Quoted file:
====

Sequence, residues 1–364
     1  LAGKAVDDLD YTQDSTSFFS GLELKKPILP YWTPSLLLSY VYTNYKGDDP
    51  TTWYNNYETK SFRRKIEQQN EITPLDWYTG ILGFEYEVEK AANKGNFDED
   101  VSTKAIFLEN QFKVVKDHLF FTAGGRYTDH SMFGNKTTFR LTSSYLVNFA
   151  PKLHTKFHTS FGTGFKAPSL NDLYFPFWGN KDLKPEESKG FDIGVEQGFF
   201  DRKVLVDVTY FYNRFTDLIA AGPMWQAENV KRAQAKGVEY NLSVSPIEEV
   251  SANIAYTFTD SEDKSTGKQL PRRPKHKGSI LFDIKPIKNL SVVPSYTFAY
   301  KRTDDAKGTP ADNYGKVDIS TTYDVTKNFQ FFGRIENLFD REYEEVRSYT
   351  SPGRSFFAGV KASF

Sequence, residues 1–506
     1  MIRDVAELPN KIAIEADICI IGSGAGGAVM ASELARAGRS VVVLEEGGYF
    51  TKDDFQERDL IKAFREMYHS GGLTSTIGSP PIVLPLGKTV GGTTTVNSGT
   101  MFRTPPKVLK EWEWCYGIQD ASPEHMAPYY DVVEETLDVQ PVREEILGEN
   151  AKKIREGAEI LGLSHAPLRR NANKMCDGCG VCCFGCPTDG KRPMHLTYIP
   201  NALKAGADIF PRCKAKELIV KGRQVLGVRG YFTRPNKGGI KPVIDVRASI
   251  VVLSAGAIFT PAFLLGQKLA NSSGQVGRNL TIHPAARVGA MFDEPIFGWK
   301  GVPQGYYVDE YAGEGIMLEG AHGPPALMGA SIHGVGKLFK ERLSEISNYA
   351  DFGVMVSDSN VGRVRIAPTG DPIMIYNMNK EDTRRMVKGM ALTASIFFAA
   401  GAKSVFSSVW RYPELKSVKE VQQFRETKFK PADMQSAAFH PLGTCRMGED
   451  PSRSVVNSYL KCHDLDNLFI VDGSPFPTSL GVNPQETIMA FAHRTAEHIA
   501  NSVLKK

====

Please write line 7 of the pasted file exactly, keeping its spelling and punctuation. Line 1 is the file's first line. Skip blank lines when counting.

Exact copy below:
   251  SANIAYTFTD SEDKSTGKQL PRRPKHKGSI LFDIKPIKNL SVVPSYTFAY